Chilling beforehand is something I picked up from a Cook’s Illustrated write-up about burgers. Since doneness is a manageable factor with beef, you’ll have an easier time acquiring a crisp exterior and say, medium-rare interior. Chicken, however, doesn’t play nice at medium-rare. Since we’re using cubes on skewers, we have more surface area to cook faster. So the chill beforehand will help to prevent our chicken breast from drying too quickly inside while still giving us a nice doneness on the exterior. Thus, a grill as hot as a thousand suns is required.

As soon as your grill is hot enough to singe your arm hair from a mile away, clean and oil your grates. Place the skewers on the grill over direct heat, and season with salt, pepper and oregano before closing the lid and let it go for 2 minutes. Turn them to the other side and season, letting it cook another 2 minutes. Rotate the kabob pole to pole, give the skewers ¼ turn, and mop with the oil/lemon mix and—you guessed it—cook it for another 2 minutes. Give it another turn, mop, 2 minutes, and you should be done.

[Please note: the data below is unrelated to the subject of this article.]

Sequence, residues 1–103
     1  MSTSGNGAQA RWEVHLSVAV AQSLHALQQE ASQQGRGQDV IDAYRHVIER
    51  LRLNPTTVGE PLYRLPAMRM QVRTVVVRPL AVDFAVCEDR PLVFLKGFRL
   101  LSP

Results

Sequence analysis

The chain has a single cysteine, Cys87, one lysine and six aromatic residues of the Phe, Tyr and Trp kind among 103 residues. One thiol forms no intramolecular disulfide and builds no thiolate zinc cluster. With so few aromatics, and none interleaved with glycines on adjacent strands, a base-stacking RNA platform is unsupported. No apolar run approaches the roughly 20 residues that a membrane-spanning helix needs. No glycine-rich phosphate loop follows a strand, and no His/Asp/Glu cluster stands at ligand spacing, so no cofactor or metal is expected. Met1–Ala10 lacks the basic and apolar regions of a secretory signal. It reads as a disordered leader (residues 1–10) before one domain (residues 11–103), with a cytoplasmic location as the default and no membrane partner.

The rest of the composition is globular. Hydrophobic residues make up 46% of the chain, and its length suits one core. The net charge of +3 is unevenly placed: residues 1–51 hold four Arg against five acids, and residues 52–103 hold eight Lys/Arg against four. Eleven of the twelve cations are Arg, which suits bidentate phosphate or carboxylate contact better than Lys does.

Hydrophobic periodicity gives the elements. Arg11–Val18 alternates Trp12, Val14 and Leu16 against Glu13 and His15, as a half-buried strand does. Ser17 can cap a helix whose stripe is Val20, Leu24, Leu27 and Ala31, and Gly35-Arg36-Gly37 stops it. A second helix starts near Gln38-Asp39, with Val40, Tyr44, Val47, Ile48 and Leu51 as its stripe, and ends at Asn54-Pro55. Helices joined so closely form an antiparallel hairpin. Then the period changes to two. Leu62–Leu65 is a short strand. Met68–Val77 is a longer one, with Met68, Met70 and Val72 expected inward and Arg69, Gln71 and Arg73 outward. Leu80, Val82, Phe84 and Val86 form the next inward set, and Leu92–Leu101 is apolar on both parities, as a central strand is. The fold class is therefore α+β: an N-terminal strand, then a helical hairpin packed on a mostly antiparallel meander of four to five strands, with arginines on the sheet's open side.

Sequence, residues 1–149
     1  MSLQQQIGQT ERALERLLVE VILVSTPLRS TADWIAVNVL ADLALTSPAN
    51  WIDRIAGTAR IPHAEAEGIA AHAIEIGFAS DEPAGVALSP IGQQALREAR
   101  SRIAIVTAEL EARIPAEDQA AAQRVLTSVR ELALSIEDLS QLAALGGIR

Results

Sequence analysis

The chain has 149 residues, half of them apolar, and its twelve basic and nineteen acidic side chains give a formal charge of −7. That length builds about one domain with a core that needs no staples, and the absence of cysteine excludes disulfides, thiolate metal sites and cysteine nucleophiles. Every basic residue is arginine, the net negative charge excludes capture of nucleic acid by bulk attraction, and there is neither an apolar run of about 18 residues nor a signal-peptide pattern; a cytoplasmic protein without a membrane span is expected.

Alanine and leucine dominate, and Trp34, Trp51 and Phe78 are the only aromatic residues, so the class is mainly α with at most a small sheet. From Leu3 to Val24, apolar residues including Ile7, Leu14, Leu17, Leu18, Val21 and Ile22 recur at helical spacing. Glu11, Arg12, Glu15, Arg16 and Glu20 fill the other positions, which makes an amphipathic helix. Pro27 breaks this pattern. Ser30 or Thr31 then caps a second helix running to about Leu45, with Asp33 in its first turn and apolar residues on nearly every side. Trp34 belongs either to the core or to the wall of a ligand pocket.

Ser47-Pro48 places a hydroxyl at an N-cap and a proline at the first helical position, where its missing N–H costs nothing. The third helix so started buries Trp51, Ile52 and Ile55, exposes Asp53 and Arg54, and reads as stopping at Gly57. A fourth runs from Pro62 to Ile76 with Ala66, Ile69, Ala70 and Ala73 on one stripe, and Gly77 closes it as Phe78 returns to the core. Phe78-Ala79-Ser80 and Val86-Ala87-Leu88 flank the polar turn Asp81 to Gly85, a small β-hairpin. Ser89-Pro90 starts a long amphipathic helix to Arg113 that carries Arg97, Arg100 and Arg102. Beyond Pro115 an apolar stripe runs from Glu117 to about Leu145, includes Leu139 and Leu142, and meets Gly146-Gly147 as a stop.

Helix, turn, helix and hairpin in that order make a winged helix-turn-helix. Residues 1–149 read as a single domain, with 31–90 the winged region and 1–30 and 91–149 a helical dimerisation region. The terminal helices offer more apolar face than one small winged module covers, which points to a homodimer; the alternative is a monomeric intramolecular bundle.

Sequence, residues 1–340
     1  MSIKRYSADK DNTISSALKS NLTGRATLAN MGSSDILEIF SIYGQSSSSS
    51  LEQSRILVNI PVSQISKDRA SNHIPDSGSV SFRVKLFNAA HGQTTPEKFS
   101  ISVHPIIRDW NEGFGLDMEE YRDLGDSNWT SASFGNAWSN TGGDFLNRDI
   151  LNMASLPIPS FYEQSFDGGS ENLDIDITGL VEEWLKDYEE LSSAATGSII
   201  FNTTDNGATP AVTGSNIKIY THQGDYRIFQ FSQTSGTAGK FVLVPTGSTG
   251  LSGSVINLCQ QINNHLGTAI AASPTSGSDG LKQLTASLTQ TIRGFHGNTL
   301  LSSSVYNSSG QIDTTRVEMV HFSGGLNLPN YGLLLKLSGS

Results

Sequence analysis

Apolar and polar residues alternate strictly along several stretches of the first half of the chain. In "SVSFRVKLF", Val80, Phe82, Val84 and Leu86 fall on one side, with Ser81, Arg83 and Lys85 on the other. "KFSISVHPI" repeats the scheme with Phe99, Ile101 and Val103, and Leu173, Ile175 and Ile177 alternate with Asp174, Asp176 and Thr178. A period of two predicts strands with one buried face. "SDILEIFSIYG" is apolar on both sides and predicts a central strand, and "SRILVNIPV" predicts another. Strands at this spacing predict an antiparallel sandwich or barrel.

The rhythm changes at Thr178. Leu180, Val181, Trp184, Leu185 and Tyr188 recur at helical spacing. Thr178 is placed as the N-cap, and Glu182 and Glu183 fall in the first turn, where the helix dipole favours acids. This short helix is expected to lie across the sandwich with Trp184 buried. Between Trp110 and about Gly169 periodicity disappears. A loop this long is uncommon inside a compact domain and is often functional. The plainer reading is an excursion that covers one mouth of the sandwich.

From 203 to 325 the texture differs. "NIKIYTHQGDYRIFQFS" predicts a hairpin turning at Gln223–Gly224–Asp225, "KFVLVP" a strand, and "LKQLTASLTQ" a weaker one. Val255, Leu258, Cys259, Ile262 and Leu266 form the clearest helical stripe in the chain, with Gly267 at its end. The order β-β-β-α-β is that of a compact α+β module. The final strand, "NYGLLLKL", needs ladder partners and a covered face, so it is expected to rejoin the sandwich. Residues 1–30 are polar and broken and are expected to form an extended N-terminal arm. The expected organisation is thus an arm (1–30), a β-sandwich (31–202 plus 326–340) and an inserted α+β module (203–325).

Mopping keeps the veggies moist and slows them from cooking faster than the chicken. Don’t be afraid to use the whole thing.

(If you elected to pick up some pocketless pita or naan, now is the time to very lightly brush it with oil and grill it where you were cooking your kabobs. Char each side until the sugars are caramelized, but not burnt. Follow your nose: as soon as you smell that sugary sweet bread smell give it a flip, cooking for about 15-20 seconds per side.)



And you’re DONE. You can pull everything right off the skewers and have a fork and knife affair, or slather some of that scrumptious sauce with some tomato and onion for a sandwich that would make Zeus weep. You can’t go wrong either way.